Fr. Cyril Lovett mssc

Tales of Columban Courage and Martyrs

On St Columban’s Day, 23 November 2017, we will begin the Centennial Year of the Missionary Society of St Columban that was formally established in Ireland on 29 June 1918, the Feast of Sts Peter and Paul. The Centennial Year will end on St Columban’s Day 2018. Below we have two stories of Columban martyrs, one in China and three in Korea. These first appeared in Far East, the magazine of the Columbans in Ireland and Britain. And are slightly edited here. We will continue these Tales of Columban Courage and Martyrs in subsequent issues..

Fr Timothy Leonard, the First Columban Martyr
‘He did not work for Christ: he slaved for him’

By Fr Cyril Lovett

Fr Timothy Leonard (1893 – 1929) [Source]

Fr Cyril Lovett, from Ireland, is one of three brothers who became Columban priests. He worked for many years in the Philippines and then in Brazil and was, until recently, editor of Far East. Fr Brendan teaches at the Institute of Formation and Religious Studies (IFRS), Quezon City. Fr Aidan served in Mindanao, Malate Parish and Manila doctors Hospital. He died in 1999.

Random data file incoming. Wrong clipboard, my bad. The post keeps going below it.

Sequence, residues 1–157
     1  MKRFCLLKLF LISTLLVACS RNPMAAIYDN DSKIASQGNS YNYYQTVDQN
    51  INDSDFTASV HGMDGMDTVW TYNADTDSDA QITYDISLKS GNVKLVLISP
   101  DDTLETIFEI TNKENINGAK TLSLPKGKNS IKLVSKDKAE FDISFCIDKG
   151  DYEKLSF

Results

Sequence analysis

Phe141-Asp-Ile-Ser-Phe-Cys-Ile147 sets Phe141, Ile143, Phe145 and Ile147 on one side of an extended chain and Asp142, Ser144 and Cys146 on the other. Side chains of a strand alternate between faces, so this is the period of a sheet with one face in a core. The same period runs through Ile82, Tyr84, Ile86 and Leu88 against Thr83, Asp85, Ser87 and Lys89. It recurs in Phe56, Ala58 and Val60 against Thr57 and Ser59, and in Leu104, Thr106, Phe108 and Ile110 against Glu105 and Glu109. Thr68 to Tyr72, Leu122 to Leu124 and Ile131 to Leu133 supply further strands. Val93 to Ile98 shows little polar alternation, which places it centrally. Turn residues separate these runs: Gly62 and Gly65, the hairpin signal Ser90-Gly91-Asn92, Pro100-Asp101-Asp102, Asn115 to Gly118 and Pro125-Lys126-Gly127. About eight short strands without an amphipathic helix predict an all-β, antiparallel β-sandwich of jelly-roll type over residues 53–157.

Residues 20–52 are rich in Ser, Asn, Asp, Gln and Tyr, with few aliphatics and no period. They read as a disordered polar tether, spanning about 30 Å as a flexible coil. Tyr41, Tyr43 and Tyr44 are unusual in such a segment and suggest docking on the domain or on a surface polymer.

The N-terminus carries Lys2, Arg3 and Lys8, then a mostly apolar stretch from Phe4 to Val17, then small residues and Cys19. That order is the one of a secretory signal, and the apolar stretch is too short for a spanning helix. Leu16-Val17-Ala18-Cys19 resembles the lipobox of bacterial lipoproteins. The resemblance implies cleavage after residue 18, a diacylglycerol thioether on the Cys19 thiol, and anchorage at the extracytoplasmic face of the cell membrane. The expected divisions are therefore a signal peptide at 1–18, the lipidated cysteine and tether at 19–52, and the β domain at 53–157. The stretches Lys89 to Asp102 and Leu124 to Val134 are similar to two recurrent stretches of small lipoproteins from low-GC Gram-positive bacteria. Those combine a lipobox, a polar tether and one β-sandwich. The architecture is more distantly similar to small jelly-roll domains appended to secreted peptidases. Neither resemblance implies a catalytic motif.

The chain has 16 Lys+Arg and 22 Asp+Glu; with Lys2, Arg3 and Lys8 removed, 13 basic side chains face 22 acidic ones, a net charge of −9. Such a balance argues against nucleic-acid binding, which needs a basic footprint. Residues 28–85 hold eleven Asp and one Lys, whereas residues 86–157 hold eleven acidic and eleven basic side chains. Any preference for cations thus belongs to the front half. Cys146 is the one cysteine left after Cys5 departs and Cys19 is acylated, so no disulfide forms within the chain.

On Tuesday 24 July 1929, a telegram brought sad and unexpected news from China. Fr Timothy Leonard had been murdered by bandits in the Province of Kiangsi on 17 July 1929. He became the first of many Columbans to suffer a violent death while serving their people on mission.

The Book Of Slave Marks

By Fr. Cyril Lovett mssc

From time to time we come across a book or document, from another age, which moves us. One such Brazilian document that moves me profoundly is known as the Book of Slave Marks. It is a register of more that fifteen hundred slaves, their baptismal names, nation of Origin, sex and approximate age, as well as the marks with which they were branded and the part of the body on which these marks were inflicted.


This is an extremely rare document. When, in 1888, Brazil finally abolished slavery, it had dubious destruction of being the last country in the world to do so. One of the official actions that followed almost immediately was the burning of all the documents to do with slavery – a kind of national effort to wipe out the memory of one of the most shameful episodes of Brazil’s history. This Book of Slave Marks is one of the very few documents that survived.

All the names in the book are written in the same hand. We do not know why this list was composed from the original documents. It may have been merely a bureaucratic task or it may have been some impulse of pity or shame at so much pain inflicted on human beings. In support of this latter interpretation is the fact that the scribble highlighted in inverted comas the suffix “dor” meaning “pain” in the little of the ships – the “Especulador”.